When I was a young girl, my father's job involved traveling territories by car in Colorado, Arizona, and New Mexico. Whenever he could, he took my mother and me with him. Most often, we traveled before dawn or at twilight, and it was always an experience of night becoming day or day becoming night. My memories of the landscapes we passed through are framed by the window of the back seat of our car. I was separated from them by distance and speed, and oftentimes the landforms were just silhouettes where darkness denied details. I recall an intense curiosity to see through that darkness and to come to know those places. In the unknown, I imagined both the terrifying and beautiful, and I think I often fell asleep wondering what it would be like to be out there all by myself.
This background made it natural for me to look at the world through the lens of a camera. It also made me want to stop and look as closely at things as is possible. That undercurrent of desire has driven all of the art I have created, but this is the first time I have allowed myself to work in the landscape. I’m not sure why that is, but I think it has to do with the landscapes that live in my imagination. I’ve had a long and personal connection to those places, and I know that creating this work will alter that relationship. But that’s the best thing about making art. It requires me to move forward, even if it takes years to move a few feet.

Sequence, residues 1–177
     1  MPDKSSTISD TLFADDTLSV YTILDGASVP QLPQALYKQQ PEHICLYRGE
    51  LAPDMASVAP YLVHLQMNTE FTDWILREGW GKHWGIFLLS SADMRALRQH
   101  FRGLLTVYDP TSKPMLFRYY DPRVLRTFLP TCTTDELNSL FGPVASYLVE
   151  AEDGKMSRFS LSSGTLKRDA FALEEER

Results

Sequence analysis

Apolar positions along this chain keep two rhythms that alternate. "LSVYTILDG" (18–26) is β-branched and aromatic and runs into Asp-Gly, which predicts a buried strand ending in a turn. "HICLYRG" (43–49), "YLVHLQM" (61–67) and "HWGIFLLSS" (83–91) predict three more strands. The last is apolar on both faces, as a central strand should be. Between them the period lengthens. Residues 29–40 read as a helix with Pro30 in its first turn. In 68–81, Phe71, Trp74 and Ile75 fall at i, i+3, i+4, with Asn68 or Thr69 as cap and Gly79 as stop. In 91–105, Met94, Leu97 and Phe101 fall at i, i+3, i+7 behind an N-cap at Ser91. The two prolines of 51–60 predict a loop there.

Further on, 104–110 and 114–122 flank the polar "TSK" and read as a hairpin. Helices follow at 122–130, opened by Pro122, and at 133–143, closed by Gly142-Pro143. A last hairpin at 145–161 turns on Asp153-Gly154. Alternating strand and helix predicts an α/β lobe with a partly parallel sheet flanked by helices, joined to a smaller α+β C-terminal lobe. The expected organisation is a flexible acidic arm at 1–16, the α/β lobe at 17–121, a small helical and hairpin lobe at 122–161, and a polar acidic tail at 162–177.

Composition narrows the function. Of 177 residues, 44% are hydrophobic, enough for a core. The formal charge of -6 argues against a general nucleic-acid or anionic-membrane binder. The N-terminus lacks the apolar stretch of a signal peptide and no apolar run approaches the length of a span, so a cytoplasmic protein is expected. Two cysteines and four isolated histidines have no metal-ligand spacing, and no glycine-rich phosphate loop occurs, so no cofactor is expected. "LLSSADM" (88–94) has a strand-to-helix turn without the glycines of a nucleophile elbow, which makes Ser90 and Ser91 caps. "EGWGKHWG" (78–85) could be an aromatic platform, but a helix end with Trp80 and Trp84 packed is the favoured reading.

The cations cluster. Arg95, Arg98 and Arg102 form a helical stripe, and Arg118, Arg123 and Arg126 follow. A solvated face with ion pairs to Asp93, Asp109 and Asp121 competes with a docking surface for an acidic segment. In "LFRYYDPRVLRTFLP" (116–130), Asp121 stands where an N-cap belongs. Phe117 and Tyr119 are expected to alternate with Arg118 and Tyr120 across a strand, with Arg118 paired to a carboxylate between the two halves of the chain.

These photographs represent the start of what I see to be a years-long project. I began by shooting color and black and white film with my 35mm camera to create alternative experiences of the landscape. The camera always shows me something I can’t otherwise see, and it always points me in new directions. Spending time with these first photographs led me to a new way of thinking about the expressive capacity of my art. I came to see my black and white photographs as sketches upon which I could build digitally. The resulting works are hybrids of both analog and digital processes, and color and black and white imagery. They are also a hybrid of the landscape that my camera sees and of those landscapes that live in my imagination.